Several years ago, I invested in a CSA (Community Supported Agriculture) subscription. At the time, I continually had to explain what a CSA was (basically, you buy a share in a local farm and they give you produce in return), but four years later, it seems commonplace. The authors of like half the food blogs I read seem to be CSA members! While I absolutely loved my CSA subscription for the two years I had it, unfortunately the farm went out of business. I need to find a new one in this area (maybe next year!), but until then I’ll rely on local farmer’s markets for my fresh produce fix. And seriously, when I go to a farmer’s market, I go to a farmer’s market. I buy enough produce to feed a small army, probably unconsciously trying to replicate the huge CSA box I used to receive each week.
This post is dedicated to those folks who participate in CSAs, or just go on farmer’s market frenzies like I do. Here’s what I learned about how to handle the bounty of fresh fruit, veggies and herbs that is about to come your way.
- Plan your week around the box. Well, at least when it comes to meals and grocery shopping. My CSA box was delivered on Tuesdays. I would pick it up after work, then go home and sort and store everything. Then, I would go out to dinner that night (one of my favorite restaurants had $5 burger night on Tuesdays, so it worked perfectly). After my burger, I would go home and make a game plan for meals for the rest of the week, and a grocery list for any missing items. I would get groceries on Wednesday, and be all set for produce-filled meals until the following Tuesday.
- Only do it if you’re committed to cooking at home. If you really love going out to eat, a CSA probably isn’t the right fit for you. The first few weeks of your subscription, you might only get a few pints of strawberries and some salad greens. You’ll think “oh yeah, I’ve got this!” But then…the growing season really starts up. And one week you get 20 apples, five pounds of potatoes, 6 peppers, a bunch of beets, HUGE bags of salad greens, 8 tomatoes, 2 squash, an eggplant and some herbs. And there’s just no way you’ll be able to eat it all unless you eat at home, and pack your lunch, a lot.
- Get a wok. Or a really large skillet. Because you’ll probably want to make some stir-fry when all else fails. You can stir-fry almost any vegetable in a few minutes. The wok was a big savior for me when I didn’t know where to turn with 10 zucchini and a bunch of bell peppers. You can also make a BIG batch of stir-fry and re-heat it for lunches all week.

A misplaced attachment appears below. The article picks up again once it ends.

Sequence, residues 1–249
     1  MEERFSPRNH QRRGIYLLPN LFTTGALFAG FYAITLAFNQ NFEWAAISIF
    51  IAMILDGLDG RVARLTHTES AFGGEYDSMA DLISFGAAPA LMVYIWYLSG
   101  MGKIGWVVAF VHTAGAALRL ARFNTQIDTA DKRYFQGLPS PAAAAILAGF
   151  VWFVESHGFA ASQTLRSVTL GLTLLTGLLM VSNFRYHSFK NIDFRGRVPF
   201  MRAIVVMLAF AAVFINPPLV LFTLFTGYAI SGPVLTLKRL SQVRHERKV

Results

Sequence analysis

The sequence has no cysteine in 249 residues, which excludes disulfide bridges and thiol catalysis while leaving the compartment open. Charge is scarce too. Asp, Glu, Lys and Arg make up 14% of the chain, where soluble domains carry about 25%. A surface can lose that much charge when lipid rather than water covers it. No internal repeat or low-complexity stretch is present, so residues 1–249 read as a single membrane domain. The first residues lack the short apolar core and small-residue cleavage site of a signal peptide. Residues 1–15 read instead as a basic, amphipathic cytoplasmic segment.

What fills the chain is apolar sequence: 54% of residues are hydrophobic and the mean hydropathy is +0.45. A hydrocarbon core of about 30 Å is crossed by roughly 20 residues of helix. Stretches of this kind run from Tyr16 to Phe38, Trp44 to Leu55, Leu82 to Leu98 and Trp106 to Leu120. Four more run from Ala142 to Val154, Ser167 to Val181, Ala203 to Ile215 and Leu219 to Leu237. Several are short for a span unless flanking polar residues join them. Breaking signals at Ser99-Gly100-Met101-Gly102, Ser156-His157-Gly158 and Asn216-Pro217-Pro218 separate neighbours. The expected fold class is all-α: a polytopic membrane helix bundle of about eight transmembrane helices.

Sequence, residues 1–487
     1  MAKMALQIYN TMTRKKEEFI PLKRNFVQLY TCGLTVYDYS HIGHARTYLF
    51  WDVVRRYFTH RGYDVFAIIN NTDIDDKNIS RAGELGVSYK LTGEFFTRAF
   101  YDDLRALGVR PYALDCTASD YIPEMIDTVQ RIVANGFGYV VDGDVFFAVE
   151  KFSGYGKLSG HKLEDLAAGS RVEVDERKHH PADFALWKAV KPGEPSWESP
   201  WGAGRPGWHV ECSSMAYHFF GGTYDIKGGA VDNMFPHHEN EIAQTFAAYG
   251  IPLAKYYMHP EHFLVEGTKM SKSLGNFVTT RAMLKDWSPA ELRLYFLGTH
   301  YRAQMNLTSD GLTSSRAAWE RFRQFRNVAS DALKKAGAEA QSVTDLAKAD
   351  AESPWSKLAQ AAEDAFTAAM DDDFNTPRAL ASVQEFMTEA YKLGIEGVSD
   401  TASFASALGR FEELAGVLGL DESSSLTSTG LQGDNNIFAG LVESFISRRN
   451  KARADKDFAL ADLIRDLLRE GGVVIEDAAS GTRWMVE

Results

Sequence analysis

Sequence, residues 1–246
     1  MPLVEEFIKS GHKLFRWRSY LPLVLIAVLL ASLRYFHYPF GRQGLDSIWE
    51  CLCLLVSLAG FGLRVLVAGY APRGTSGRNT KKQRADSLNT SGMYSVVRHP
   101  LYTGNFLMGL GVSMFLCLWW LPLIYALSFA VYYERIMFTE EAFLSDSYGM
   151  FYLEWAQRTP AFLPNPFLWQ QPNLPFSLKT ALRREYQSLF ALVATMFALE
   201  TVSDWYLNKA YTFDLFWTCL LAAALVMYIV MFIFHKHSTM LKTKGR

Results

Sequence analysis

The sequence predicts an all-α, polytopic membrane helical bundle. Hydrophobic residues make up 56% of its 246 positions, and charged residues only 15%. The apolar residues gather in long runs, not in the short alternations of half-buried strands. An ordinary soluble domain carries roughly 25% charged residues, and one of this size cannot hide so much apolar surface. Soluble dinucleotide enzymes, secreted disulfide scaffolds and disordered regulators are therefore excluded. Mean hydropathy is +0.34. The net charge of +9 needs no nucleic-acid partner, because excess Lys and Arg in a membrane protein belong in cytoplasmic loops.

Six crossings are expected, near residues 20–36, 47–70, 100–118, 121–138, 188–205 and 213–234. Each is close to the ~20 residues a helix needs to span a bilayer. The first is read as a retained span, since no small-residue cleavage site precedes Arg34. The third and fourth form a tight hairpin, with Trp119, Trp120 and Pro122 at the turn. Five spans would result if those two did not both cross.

- Figure out what you can freeze for later. Eventually the CSA season will end, and you’ll have to go back to grocery store produce. But you can extend the season a little bit if you freeze some of the bounty. Berries are great to freeze, specially if you like smoothies. Green beans also freeze well if you blanch and shock them first.
- It helps if you like pizza, too. Because you can also put lots of stuff on pizza. Even veggies you might not be crazy about. Put them on a pizza, and by the time they’re touching some delicious pizza sauce and coated with cheese, they’ll be your friend. Years ago, I would have thought a cauliflower pizza sounded weird. Now, it seems totally normal.
- You can make a pesto out of anything green. I made a ton of pesto with the herbs, spinach, arugula and other greens I recieved. I also recieved several bulbs of garlic that came in handy for this, too. After it was pesto-ized, I could make pasta, pizzas, or just slather it on bread. Pesto also freezes well.
- Don’t be scared of vegetable UFOs. Ok, so this kohlrabi wasn’t a flying object. But it was unidentified, at least by me, at first. I was pretty sure it was some sort of alien. A cute alien, but still. Fast-forward four years later, and kohlrabi seems to be gaining popularity – I see it on restaurant menus quite often now. But back then, I had no idea what the heck it was or what planet it came from. Google is your friend here, for both identifying and consuming. “Kohlrabi coleslaw” popped up in the first 10 out of the 12 search results, so that’s what I did. And it was delicious. Just don’t get intimidated by weird stuff. It’ll all turn out OK.
If you have any questions about my fun-filled CSA experience, just ask in the comments. Have fun this summer!